Home | News    Monday 7 March 2011

Sudan’s central bank governor resigns, no replacement named

March 6, 2011 (KHARTOUM) – The Central Bank of Sudan announced today that its governor Sabir Mohamed Al-Hassan will step down immediately, ending weeks of speculations on his future with the highest financial authority in the country.

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Sudan’s central bank governor Sabir Mohammad al-Hassan speaks during a news conference attended by the heads of Sudan’s commercial banks in Khartoum September 30, 2010 (Reuters)

In a statement released today by the central bank it was revealed that Al-Hassan asked the presidency last December not to renew his term which expires on Monday. His successor has not yet been named.

The former governor was quoted as saying that reasons behind his decision were his age and length of time he had spent at his current position saying it affected his health as well his family and social relations.

He denied reports that differences with the economic team in the government prompted his move.

A month ago, local media reported that Al-Hassan asked president Omer Hassan Al-Bashir to relieve him from the post he has held since March 1998.

The reports were dismissed by Sudanese officials who suggested that the governor’s tenure would be extended.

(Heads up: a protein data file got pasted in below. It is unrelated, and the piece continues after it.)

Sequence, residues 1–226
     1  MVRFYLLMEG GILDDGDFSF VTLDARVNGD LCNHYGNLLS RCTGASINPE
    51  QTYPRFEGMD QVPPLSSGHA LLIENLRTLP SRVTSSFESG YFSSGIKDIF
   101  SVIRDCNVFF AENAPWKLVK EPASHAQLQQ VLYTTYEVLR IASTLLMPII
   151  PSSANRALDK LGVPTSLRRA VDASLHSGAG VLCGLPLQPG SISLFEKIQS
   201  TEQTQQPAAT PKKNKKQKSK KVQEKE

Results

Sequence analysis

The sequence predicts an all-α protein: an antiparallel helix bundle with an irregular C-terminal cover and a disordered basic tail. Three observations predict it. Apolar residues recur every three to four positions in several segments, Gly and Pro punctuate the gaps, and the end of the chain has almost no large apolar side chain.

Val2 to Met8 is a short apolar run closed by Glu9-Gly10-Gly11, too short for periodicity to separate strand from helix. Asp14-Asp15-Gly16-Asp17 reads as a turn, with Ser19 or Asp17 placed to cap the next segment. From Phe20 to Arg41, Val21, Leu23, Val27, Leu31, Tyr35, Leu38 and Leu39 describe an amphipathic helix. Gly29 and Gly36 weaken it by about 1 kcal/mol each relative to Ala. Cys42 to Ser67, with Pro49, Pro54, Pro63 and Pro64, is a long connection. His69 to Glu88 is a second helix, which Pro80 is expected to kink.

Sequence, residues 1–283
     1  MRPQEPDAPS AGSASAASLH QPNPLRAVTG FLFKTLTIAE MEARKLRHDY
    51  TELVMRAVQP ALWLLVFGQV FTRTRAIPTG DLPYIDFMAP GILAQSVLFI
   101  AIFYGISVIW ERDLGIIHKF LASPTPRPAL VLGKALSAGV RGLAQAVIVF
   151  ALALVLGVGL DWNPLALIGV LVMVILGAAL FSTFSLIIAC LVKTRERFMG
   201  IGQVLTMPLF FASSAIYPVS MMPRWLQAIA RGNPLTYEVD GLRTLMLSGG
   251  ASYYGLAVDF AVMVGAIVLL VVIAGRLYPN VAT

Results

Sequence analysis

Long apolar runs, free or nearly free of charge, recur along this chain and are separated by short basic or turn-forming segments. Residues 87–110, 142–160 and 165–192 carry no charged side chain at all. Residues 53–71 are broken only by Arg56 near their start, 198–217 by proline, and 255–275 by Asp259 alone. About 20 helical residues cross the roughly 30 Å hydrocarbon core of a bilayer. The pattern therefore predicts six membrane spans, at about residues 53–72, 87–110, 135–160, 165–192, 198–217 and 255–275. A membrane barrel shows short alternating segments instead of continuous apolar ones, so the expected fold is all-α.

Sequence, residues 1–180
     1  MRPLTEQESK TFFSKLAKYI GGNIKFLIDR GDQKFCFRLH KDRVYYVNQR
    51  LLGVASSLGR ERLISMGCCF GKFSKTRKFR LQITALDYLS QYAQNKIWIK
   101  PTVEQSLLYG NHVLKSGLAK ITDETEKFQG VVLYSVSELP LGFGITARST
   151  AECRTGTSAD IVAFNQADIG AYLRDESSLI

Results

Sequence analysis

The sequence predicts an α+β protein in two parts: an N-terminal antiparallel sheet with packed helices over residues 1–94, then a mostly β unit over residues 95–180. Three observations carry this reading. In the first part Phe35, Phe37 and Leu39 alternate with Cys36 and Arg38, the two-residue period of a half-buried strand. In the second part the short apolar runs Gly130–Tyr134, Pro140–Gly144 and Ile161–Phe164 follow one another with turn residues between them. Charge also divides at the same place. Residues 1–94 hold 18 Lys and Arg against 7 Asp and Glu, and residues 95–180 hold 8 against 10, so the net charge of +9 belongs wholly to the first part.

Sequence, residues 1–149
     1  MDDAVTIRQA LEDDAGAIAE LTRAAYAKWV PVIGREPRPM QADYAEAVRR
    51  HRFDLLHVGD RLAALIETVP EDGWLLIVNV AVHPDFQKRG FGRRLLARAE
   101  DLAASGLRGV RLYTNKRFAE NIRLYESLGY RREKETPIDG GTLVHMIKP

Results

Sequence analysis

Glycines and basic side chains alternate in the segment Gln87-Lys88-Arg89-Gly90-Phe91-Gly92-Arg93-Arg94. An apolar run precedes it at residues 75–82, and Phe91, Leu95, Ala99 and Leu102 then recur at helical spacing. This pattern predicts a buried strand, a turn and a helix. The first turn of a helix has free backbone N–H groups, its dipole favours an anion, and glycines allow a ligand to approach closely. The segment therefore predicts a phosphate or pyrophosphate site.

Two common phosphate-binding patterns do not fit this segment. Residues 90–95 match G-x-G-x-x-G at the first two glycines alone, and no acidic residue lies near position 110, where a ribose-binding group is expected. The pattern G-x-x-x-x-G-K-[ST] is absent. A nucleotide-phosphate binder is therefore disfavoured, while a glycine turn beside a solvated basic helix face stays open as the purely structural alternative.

But Ibrahim ElBadawi, former lead economist at the Development Research Group of the World Bank, said in an interview last month that he was approached by Khartoum to take over the leadership of the central bank.

ElBadawi said that he turned down the offer suggesting that he will not be free from political interference should he end up becoming the governor.

Al-Hassan’s resignation comes a few months away from South Sudan’s official independence which followed a referendum in January which saw an overwhelming majority in favor of secession.

Because most of Sudan’s oil lies in the South, it is widely feared that the North will suffer an economic shock amidst soaring inflation levels and chronic shortages in hard currency leaving many international companies struggling to repatriate profits and hurting foreign investment.

Ordinary Sudanese citizens have grown increasingly frustrated with the cost of living and rising food prices, which in some cases more than doubled.

Khartoum has partially removed subsidies on sugar and petroleum products, which was coupled with a de-facto devaluation of the Sudanese Pound.

The government is also in the process of privatizing state-owned firms to remove the burden of supporting companies which continue to lose money. It also banned many imports to reduce the hard currency outflow and prevent further depletion of the already low foreign currency reserves.

Officials in Khartoum blame economic instability since last year largely on speculative trading and hoarding in the run-up to the referendum. Private analysts say the referendum is only a minor factor, and that Sudan’s economy has hit crisis point because of years of mismanagement and overspending.